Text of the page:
We often admire the visionaries who came up with successful startup businesses, some of which are now the titans of various industries. They are now the heroes of today’s world, and we use many of their inventions and innovations on a daily basis. They have invented new products and new ways of doing things. Now, we could hardly live without what they have started.

However, what many people don’t know is that this was not always the case. Some top entrepreneurs of today had their own failed attempts. Their stories could serve as a message of hope to people selling a business because they can’t handle competition or sustain their trade in Salt Lake City or any other location. There are avenues to start over if you really need to.

These stories show that failure is not the end, but only the beginning, unless you give up.

Japanese innovations that flopped the first time

Speaking of products we use every day, many schools and offices are filled with the aroma of instant noodles. Momofuku Ando had already foreseen that there would be a faster pace of life and many people would no longer have time to cook. Hence, he invented instant noodles as the product of his company, Nissin Foods, Inc.

He didn’t get the right formula for the first time, though. The same is true for his business. Ando actually had a small merchandising firm in 1948 but lost it to bankruptcy after he went to jail for two years due to tax evasion. He eventually invented the breakthrough product 10 years later.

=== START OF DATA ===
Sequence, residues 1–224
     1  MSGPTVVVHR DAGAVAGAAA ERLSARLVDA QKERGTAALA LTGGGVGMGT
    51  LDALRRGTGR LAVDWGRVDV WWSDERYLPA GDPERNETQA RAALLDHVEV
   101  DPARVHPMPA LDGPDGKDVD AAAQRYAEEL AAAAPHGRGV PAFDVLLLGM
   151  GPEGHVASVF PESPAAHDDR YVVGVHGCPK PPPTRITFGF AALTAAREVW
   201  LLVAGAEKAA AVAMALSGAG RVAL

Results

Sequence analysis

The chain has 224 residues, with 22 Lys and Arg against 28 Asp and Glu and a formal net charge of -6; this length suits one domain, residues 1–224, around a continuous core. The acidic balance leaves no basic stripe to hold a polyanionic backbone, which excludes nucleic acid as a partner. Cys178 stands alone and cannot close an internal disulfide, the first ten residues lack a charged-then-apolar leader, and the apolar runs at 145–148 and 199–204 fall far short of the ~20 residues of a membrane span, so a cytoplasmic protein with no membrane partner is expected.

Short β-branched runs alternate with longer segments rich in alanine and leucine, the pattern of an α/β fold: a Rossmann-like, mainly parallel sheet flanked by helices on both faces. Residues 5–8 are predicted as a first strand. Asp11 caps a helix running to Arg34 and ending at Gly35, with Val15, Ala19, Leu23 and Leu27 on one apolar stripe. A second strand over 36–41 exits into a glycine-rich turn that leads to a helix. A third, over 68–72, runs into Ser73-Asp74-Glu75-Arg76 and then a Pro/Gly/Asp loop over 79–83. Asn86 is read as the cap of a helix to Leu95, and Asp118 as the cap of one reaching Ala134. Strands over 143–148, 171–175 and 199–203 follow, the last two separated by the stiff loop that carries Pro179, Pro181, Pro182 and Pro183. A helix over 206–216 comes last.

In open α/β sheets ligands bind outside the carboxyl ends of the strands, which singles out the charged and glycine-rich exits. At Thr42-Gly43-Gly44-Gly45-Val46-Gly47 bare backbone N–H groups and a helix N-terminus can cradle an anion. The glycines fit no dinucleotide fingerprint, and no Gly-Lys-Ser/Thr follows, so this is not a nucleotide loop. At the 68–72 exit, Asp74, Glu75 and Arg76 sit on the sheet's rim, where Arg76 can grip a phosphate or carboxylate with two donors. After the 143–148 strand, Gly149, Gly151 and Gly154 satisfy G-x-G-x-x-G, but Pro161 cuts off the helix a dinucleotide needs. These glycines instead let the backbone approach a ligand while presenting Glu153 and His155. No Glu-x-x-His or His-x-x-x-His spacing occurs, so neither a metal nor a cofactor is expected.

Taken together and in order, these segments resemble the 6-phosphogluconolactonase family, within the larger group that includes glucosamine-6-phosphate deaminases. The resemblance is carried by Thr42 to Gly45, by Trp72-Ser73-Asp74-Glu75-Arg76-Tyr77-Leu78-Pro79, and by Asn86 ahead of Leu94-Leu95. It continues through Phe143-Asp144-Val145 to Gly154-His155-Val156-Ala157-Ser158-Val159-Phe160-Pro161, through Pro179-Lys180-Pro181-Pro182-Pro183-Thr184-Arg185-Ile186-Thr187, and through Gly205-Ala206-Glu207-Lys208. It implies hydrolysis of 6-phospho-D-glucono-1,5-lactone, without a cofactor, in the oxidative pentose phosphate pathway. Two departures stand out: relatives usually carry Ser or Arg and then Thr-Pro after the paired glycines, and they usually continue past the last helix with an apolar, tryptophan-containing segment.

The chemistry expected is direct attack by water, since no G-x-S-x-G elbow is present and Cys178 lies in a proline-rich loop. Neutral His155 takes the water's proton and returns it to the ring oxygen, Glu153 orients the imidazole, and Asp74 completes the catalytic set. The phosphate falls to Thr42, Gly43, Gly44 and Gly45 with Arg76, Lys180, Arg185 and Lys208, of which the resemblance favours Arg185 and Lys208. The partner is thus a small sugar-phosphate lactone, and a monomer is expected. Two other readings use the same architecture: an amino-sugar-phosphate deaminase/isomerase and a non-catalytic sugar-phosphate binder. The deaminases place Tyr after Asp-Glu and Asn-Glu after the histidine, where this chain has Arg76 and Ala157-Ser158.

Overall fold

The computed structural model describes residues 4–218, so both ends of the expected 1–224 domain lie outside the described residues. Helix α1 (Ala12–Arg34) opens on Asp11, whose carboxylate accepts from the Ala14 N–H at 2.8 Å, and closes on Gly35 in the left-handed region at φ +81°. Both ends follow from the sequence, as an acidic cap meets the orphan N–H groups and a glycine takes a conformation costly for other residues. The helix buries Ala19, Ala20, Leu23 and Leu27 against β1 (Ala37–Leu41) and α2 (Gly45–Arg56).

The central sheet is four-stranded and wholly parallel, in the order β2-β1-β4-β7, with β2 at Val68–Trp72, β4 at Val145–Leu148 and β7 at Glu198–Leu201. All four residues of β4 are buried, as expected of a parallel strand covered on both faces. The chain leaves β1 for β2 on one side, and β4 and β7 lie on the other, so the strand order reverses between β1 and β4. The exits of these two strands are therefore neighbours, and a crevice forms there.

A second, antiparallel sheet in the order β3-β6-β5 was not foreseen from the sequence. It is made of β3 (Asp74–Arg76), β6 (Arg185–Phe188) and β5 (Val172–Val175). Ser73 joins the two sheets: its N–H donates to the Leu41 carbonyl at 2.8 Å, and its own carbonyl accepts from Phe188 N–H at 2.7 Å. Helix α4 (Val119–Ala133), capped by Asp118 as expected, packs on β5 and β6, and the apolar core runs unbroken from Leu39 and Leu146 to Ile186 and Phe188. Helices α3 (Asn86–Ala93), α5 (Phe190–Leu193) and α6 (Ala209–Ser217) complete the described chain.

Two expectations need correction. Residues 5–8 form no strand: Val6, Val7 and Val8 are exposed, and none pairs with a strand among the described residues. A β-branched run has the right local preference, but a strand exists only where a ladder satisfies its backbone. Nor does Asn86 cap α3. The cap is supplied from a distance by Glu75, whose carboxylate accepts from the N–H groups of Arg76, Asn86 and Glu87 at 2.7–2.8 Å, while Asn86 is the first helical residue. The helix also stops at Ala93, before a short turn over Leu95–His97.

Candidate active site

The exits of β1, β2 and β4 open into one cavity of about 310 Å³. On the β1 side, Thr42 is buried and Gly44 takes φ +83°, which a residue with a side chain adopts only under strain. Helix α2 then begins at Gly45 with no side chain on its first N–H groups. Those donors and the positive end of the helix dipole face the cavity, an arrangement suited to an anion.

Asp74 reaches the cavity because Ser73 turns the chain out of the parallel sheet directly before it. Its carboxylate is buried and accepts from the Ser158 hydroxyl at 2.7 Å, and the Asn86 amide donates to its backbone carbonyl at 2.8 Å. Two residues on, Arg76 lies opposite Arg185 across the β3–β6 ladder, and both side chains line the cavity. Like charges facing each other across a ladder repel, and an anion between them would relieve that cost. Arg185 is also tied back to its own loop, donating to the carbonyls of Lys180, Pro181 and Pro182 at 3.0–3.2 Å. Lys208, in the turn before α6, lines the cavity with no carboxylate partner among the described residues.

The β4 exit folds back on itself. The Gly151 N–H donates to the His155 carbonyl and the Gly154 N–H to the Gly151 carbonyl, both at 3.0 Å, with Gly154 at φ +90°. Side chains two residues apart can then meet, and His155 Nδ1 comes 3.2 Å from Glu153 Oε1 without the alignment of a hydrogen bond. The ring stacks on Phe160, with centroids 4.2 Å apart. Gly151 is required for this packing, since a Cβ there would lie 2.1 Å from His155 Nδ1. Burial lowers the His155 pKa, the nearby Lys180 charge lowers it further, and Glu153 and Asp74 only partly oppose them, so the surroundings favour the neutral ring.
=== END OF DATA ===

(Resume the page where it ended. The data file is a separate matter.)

Most of us have probably owned a Sony product, especially in the 80s when the iconic Walkman was released and changed the way we listened to music forever. It’s hard to fathom that in the old days. Sony co-founder Akio Morita released one of Sony’s first products. It was a rice cooker, which burned the rice.

Lords of the Net

Holding an auction paddle

When was the last time you placed a bid at an online auction? Was it for zShops? What is that?

Well, it happens to be the online auction site developed by Jeff Bezos. Bezos had a lot of failed innovations, and he was so close to hitting zShops. Still, that brand failed and so he moved on and founded the Amazon Marketplace.

Twitter co-founder Evan Williams was not so lucky either. He wanted to pioneer a podcast platform named Odeo. Shortly after he launched the company, the juggernaut Apple announced that their iTunes would also have a section devoted to podcast. Odeo soon folded.

Before co-founding LinkedIn, a social network for professionals where people discuss work-related information and also build a professional network, he was involved in a different kind of social interaction. Reid Hoffman founded Social Net, which was a social network but also an online dating site. It eventually failed and Hoffman shifted his sights on other endeavors and invested in Paypal and Air BnB.

Peter Thiel is also known for PayPal, and he had an early hedge fund, Clarium Capital, which was a huge loss since it took away 90 percent of the $7 billion assets it listed. Today, he is now one of the investors on Facebook.

These stories show that genius and business savvy ideas are not enough to make it on your first try. That said, the determination should also be considered as a necessary ingredient for success.